How to Open Your Pool in the Spring

April 16th, 2020 | Pool

If you own a pool in your backyard, self-quarantine probably has you feeling like you want to open it sooner rather than later. The good news is the earlier you start the pool opening process, the better! Opening your pool a few weeks before the start of the swim season can help save you money in the long run. Here’s how to open up your pool this spring.

  1. Check the pool cover and store it. Throughout the winter months, your pool covering can take a beating — especially if it has done its job right! Ensure that any accumulated dirt and debris didn’t cause damage to your pool cover before you remove it for the season. If you have a traditional tart cover or a spring-loaded cover, clear the top as best as you can to prevent contaminating the pool. Mesh covers allow snow and rainwater to drain through — if you have that type of protection, remove as much debris as you can before taking it off. Once you remove the cover, carefully fold it for summer storage, but repair any small rips before doing so. If the damage is beyond repair, it’s time to invest in a new pool cover.  
  2. Get the water levels right. If you notice that your pool’s water level is low, use your garden hose to bring it back to normal. Use your wall skimmer as a good indicator — once the water level reaches the skimmer, your pool is filled to the proper amount.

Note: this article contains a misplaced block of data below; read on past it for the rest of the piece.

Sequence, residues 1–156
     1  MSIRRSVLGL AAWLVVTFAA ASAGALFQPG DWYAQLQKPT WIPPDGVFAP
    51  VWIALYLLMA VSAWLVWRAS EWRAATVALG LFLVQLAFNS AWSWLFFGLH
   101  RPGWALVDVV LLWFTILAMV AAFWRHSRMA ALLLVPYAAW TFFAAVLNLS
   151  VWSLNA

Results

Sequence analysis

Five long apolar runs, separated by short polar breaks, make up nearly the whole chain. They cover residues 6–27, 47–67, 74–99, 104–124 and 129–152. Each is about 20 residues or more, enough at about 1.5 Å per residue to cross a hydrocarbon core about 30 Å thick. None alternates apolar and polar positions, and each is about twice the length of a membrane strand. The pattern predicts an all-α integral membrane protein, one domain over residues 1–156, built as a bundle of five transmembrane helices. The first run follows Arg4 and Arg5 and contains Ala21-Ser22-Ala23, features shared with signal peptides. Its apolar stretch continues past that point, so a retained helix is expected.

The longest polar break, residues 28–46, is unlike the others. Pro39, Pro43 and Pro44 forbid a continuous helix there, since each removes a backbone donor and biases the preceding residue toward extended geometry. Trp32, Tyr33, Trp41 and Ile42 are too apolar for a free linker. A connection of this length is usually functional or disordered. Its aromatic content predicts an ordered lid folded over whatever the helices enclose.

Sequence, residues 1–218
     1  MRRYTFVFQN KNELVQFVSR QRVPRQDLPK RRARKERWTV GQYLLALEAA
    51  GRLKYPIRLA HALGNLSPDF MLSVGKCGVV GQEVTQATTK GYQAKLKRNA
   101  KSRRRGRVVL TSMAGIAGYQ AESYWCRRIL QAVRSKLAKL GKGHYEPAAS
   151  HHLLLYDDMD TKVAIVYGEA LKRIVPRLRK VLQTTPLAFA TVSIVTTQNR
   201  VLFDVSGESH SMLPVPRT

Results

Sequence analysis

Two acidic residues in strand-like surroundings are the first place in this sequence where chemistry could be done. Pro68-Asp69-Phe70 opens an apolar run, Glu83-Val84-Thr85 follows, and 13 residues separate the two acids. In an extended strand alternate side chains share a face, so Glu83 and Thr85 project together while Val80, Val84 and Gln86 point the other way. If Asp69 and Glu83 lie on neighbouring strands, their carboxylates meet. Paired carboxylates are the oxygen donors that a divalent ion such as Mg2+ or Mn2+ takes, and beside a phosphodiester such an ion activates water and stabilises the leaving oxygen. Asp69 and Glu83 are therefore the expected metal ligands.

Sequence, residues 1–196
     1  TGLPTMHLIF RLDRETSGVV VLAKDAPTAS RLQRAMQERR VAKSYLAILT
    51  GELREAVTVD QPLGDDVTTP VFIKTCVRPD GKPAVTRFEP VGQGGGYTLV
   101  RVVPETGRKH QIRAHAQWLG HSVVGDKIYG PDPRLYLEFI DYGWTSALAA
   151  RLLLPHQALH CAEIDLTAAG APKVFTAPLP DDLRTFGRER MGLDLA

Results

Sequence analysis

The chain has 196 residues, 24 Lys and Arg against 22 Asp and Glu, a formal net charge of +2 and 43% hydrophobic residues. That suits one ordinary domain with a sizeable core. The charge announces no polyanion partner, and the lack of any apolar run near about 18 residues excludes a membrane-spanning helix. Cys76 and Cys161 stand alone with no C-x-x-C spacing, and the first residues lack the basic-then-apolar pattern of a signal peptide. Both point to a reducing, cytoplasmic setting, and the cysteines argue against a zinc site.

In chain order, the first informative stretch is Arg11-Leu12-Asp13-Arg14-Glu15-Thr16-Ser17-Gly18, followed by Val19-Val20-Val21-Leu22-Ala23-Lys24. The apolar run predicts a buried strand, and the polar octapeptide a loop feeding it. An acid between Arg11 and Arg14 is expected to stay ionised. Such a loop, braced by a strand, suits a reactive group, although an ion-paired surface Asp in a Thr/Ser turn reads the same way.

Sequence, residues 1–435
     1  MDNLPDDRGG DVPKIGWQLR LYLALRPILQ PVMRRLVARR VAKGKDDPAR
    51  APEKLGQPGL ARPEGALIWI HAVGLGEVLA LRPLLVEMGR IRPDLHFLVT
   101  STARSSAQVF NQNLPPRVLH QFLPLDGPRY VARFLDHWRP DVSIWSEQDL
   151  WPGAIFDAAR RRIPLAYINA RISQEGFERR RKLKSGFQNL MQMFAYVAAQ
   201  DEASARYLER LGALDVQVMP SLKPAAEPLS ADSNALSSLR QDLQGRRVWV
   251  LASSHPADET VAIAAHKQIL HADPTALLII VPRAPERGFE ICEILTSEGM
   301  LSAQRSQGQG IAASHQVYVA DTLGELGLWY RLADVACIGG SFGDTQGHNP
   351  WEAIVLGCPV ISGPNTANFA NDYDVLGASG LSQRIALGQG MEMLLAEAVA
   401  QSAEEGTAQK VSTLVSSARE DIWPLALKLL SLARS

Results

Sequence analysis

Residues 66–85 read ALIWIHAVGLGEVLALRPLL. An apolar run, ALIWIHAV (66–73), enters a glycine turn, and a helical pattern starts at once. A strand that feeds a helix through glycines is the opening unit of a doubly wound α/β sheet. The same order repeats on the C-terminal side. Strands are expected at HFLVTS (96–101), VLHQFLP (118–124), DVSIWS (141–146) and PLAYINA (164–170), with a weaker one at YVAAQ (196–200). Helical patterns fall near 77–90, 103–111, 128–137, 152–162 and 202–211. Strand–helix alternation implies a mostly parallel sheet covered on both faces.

3. De-winterize. If you winterized your pool, you’ll need to reconnect all of the pool equipment that you prepared for freezing temperatures. Reconnect the filter, pump, heater, flexible plumbing lines (for above ground pools), and anything else you may have disconnected at the end of last season. If you didn’t winterize your pool, you can skip this step! 
  4. Turn your system back on. Turn your pump, circulation system, and filter on to ensure they’re in proper working condition. Inspect for drips, leaks, or unusual sounds coming from the mechanics of your pool — if you notice any, fix them before you allow your pump to run consistently. 
  5. Test chemical balance and adjust as needed. Once the system is running regularly, get the water levels balanced. During the off-season, it’s likely the chemicals in your pool changed. Restore them to balance to keep your water safe. Levels should be: — Chlorine at 1.0 – 3.0 ppm— pH between 7.2 and 7.6— Alkalinity between 80-120 ppm— Calcium hardness between 150-225 ppm
  6. Clean the pool. Vacuum and skim the pool to remove any unwanted particles and debris as well. Use a brush to remove any clinging algae from the surfaces of the pool. This will prevent future buildup. 

If you’re not comfortable opening your pool yourself, trust the experts at Moyer. All of our pool technicians are licensed and certified. Call to schedule a pool opening with one of our certified, experienced technicians.